ABU DHABI – In 1896, the social psychologist Gustave Le Bon warned his contemporaries of the dangers of crowds, writing that, “It is necessary to arrive at a solution to the problems offered by [crowds’] psychology, or to resign ourselves to being devoured by them.” As spontaneous protest overtakes organized political movements across the Arab world, the leaders of Tunisia, Egypt and Libya’s nascent democracies should heed Le Bon’s warning.
Since crowds took to the streets of Tunis, Cairo, Benghazi and other Arab cities, toppling decades-old regimes, spectators and analysts have wondered where the Arab world is headed. But they have focused almost exclusively on the events’ political dimension: Who are the leaders, and what are their demands?
In fact, the persistence, intensity and frequency of protests — exemplified in September, when local militia in Benghazi killed U.S. Ambassador to Libya J. Christopher Stevens — demonstrate the role that the culture and psychology of crowds are playing in determining the Arab world’s trajectory. After decades of authoritarian rule, citizens, frustrated with discredited institutions and paralyzed political parties, have begun to employ social media to organize civil resistance.
As a result, countries affected by the Arab Spring now face political spheres that are shaped by crowd dynamics, rather than by genuine political or ideological movements. Indeed, much of what is happening in the Arab world today can be best understood through the study of crowds.
Crowds are the opposite of organizations; rather than being dominated by rigid hierarchies, they are often led by individuals with no formal rank. And unlike political movements, crowds tend to form quickly and organically, like dark clouds gathering to form a storm, and their objectives are immediate: surround this police station, seize that ministry, etc. In “crowd politics,” emotions often supersede goals.
Lebanon was perhaps the first Arab country to experience crowd politics. After Prime Minister Rafic Hariri was assassinated in February 2005, crowds led by various political parties filled Martyrs’ Square in downtown Beirut.
But nonorganized crowds eventually eclipsed structured groups, becoming a dominant force in Lebanese politics. In fact, Lebanon’s two competing political coalitions, the March 8 alliance and the March 14 alliance, take their names from major crowd gatherings that occurred on those dates in 2005.
Lebanon’s experience reveals the discord between the psychology of crowds and the goals of the political elites who rally behind them — a conflict that can also be seen in Egypt’s Tahrir Square, Tunisia’s Sidi Bouzid and Tripoli, Libya, where crowds have stormed the parliament building several times in the last few months. This discord is threatening to derail these countries’ burgeoning democratic processes, owing to growing competition between what Le Bon called the “sovereignty of the crowds” and the sovereignty of political elites.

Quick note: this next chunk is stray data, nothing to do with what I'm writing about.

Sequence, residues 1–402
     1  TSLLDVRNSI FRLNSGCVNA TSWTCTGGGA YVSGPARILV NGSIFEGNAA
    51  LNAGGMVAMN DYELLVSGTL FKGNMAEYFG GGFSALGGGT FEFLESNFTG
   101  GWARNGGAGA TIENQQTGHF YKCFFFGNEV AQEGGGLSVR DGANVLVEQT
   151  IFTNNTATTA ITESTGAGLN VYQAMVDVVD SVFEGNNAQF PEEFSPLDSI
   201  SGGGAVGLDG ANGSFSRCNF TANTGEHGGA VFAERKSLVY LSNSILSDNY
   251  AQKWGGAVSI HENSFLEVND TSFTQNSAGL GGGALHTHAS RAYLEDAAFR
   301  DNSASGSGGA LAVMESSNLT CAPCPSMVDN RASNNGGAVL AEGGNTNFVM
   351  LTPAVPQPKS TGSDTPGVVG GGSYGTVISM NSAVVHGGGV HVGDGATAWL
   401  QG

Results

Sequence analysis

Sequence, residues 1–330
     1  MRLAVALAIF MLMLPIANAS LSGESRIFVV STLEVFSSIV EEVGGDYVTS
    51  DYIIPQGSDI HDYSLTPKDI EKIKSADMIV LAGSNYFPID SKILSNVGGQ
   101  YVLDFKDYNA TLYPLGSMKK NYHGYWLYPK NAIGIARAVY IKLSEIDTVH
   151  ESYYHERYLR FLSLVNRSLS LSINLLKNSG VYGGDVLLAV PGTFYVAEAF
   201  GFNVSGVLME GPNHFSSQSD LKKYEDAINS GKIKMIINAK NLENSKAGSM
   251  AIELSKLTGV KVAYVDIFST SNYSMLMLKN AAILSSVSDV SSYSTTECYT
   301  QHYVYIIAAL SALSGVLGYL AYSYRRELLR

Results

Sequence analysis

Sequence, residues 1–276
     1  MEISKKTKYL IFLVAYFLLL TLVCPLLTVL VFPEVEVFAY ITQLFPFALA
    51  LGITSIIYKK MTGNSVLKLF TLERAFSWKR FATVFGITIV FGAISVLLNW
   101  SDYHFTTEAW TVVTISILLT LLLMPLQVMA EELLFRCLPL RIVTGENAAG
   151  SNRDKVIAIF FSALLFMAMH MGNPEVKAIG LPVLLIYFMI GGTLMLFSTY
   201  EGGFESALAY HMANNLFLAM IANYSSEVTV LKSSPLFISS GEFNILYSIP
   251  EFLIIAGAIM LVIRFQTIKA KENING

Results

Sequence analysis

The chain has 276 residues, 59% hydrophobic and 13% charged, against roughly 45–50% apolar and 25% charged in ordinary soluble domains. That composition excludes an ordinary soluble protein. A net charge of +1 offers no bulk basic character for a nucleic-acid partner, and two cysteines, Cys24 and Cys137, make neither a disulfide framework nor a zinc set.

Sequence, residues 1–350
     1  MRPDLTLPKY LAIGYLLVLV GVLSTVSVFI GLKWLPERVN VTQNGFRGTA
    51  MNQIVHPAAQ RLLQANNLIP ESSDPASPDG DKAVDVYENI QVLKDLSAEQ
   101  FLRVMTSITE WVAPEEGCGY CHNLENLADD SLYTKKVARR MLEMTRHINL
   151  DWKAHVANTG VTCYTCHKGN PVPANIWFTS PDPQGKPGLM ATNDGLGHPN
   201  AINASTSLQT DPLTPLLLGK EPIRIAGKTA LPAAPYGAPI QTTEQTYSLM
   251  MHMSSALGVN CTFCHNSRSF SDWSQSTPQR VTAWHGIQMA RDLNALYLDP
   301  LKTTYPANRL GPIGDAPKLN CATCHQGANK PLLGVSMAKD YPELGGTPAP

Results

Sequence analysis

Under these conditions, the real challenge facing the Arab Spring countries, at least in the short term, is not ideological, but institutional. Governments must find a way to prevent small groups from using the crowd effect as political capital, thereby causing crowd sizes to become more decisive than the number of ballots cast. But traditional democratic institutions, such as political parties, parliaments and consultation committees, are not experienced in coping with such challenges.
Social media are both part of the problem and part of the solution. Unlike Eastern Europe in the late 1980s and early 1990s, the crowds of the Arab Spring formed on the Internet before hitting the streets — the first movement of its kind. The Arab Spring, following the lead of Iran’s Green Movement in 2009, ushered in the era of “iCrowds” — attracted, mobilized and organized through social media.
But social media can also be used effectively to demobilize people, by reducing the chasm between the psychology and power of political leadership and that of the masses. The emerging political class must improve its understanding of iCrowd politics, and learn to harness the power of tools like Facebook, Twitter, YouTube, blogs, apps and text messages.
In the United States, President Barack Obama’s election campaigns recognized this opportunity, using social media extensively to communicate political messages, and to energize and mobilize supporters. Once in office, Obama launched the White House app, designed to give citizens a new way to connect with their leaders in Washington, including updates on the latest events, insight into administration initiatives, and access to high-resolution photos and live streams of White House events.
Private enterprises, too, benefit from an understanding of iCrowd politics. In their research, Quy Huy and Andrew Shipilov of INSEAD have shown that business leaders who use social media build “emotional capital” within their employees. This helps leaders to develop and maintain human bonds with a large group of people, despite the power gap, while making it easier for employees to identify with the organization.
For the Arab world’s new political elites, the lesson is clear: crowd dynamics cannot be ignored. When observed carefully, social media can be interpreted like clouds portending storms. If detected early enough, solutions can be found to diffuse tempestuous crowds before they inundate fragile new institutions.
Sami Mahroum is academic director of innovation and policy at INSEAD. © 2012 Project Syndicate
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